Broadcast TV, Cell phones, AM/FM radio                Remote Controls, Cordless phones, Wi-Fi
                                                      networks, walkie-talkies, E-Z pass tolls,
                                                      security systems, microwaves



        Spread Spectrum technologies such as Wi-Fi, Bluetooth, and other computer

networking applications have thrived in recent years within unlicensed spectrum. Figure

5 illustrates the recent tremendous growth of spread spectrum technologies operating in

unlicensed spectrum.9           Since unlicensed spectrum is fostering such tremendous

advancement in new wireless devices, the FCC is considering more flexible spectrum

management policies that would accommodate reform. In 2002, FCC Chairman Michael

Powell established the Spectrum Policy Task Force to investigate new technologies and

mechanisms that would allow for changes to spectrum policy.




8
  Wireless Fidelity (Wi-Fi), which is the most prominent spread spectrum technology operating in
unlicensed spectrum space, offers wireless broadband Internet networking at data transmission speeds of 11
to 54 Mbps. Conventional Wi-Fi only extends to a few hundred feet in range from its transmission point.
However, using multiple transmission points and dynamically linking them together allows for wider
service Wi-Fi coverage. This technique is known as mesh networking. In addition to low-power
transmission across multiple frequency channels, high-powered transmission over a very narrow beam can
also mitigate harmful interference. This particular spread spectrum technique employs the use of
directional antennas. While it is possible to implement wide area wireless services through spread
spectrum techniques across unlicensed bands, the complexity and equipment cost needed to do so would
put such a plan at a distinct disadvantage to licensed, high-power broadcast service.
9
  FCC Spectrum Policy Task Force, Report of the Unlicensed Devices & Experimental Licenses Working
Group, November 15, 2002


                                                                                                  16
      Figure 5: Spread Spectrum Equipment Authorizations in
                      Part 15 Spread Spectrum Equipment
      Unlicensed Spectrum
                                  Authorizations

             600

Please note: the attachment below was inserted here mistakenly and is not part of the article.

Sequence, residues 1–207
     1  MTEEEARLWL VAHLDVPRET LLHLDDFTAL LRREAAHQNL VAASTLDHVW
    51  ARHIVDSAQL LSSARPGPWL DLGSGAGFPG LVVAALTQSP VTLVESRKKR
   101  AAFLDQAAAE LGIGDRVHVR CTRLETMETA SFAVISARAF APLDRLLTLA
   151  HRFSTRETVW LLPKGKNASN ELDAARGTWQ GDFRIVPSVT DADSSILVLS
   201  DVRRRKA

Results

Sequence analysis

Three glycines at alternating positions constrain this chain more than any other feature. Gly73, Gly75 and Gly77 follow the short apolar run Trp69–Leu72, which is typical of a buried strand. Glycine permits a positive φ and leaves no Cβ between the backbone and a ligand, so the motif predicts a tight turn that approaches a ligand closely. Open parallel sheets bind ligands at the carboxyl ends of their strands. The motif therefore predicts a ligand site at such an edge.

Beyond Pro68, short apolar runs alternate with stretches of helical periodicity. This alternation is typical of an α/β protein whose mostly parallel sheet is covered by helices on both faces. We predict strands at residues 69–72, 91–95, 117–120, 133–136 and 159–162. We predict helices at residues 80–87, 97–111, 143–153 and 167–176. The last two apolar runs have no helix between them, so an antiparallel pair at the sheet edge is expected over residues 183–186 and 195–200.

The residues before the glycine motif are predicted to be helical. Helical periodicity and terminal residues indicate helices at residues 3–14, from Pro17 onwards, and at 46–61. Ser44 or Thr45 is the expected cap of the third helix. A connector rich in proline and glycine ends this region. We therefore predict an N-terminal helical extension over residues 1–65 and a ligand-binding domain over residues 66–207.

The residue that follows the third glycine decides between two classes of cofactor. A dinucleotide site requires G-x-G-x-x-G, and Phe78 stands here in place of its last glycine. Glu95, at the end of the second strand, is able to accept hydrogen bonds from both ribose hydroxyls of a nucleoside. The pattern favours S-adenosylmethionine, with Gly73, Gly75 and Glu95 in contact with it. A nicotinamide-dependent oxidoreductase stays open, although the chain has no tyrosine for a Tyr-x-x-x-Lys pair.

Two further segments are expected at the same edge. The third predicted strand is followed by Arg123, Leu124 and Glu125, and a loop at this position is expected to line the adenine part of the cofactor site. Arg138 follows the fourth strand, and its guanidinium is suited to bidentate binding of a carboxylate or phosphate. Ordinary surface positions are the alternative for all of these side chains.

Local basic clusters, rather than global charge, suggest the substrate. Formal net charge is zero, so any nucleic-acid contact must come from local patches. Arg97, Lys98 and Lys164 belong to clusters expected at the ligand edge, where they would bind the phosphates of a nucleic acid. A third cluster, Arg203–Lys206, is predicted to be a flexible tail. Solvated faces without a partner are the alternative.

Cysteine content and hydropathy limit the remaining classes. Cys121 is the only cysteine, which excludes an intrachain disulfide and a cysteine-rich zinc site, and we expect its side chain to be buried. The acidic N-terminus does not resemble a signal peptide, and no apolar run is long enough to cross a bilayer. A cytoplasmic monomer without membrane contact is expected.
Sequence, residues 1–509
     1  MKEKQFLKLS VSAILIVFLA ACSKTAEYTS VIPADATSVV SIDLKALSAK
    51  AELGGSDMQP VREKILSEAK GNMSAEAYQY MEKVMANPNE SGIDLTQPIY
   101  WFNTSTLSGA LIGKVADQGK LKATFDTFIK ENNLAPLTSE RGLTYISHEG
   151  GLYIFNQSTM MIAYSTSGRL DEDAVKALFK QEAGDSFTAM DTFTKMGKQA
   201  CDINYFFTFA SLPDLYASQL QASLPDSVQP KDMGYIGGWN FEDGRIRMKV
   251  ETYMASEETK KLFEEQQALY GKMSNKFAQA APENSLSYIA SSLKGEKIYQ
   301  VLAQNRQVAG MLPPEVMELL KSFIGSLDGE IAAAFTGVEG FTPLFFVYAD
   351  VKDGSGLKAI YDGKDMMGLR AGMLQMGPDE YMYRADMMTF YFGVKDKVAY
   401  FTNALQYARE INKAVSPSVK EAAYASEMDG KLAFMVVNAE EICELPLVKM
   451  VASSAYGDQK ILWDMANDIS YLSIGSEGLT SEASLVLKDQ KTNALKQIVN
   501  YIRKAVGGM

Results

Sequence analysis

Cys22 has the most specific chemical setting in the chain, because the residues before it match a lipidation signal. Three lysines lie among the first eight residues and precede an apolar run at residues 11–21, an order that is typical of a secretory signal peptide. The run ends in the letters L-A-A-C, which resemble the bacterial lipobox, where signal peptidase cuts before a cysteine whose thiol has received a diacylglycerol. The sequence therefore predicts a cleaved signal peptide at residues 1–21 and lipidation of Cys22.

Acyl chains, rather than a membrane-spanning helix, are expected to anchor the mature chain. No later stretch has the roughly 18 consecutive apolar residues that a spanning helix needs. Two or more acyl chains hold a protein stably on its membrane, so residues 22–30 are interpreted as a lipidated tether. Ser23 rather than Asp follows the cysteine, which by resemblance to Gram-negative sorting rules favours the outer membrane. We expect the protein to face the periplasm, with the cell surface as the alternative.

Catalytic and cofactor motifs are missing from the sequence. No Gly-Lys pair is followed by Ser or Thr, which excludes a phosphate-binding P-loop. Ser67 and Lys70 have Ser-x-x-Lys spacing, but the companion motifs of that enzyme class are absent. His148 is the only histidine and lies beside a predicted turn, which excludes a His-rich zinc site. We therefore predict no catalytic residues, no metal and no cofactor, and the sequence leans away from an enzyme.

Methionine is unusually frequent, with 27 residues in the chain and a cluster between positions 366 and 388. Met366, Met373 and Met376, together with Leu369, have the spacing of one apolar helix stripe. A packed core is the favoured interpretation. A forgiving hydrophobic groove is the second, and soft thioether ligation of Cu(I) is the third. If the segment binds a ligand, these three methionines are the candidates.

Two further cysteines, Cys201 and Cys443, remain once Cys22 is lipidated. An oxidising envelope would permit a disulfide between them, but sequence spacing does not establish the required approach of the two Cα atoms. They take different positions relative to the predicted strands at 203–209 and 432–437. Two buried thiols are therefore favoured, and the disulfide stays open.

500


             400


             300


             200


             100


               0
               1988    1990    1992   1994     1996   1998   2000     2002
                                                                    (T hr ough
                                      Calendar Year                  8/ 02)




The Spectrum Policy Task Force Report



       The Spectrum Policy Task Force was comprised of senior staff from a cross

section of the various FCC bureaus and offices. Members included policy makers,

attorneys, engineers, and economists from within the FCC to ensure a diverse approach to

the issue of spectrum management. The mission of the task force was to evaluate

spectrum management and recommend changes to spectrum policy. Furthermore, the

task force considered policy mechanisms that could allow for more efficient use of

spectrum. These mechanisms are increasing unlicensed spectrum, underlay sharing,

opportunistic sharing, secondary markets, and the interference metric. In November

2002, the task force issued its full report and concluded that addressing the problem of

access to the spectrum goes beyond traditional thinking. Such conventional wisdom



                                                                                 17
about spectrum has centered on the idea that spectrum is a finite public resource and that

management policies should focus on scarcity of spectrum. However, the notion of

scarcity was challenged by the identification of spectrum sharing mechanisms.




                                                                                   18
III. Spectrum Sharing Mechanisms

   There are five spectrum sharing mechanisms that allow for the incorporation of

emerging technologies into spectrum policy. They are:

   1.   Increasing unlicensed spectrum
   2.   Underlay Sharing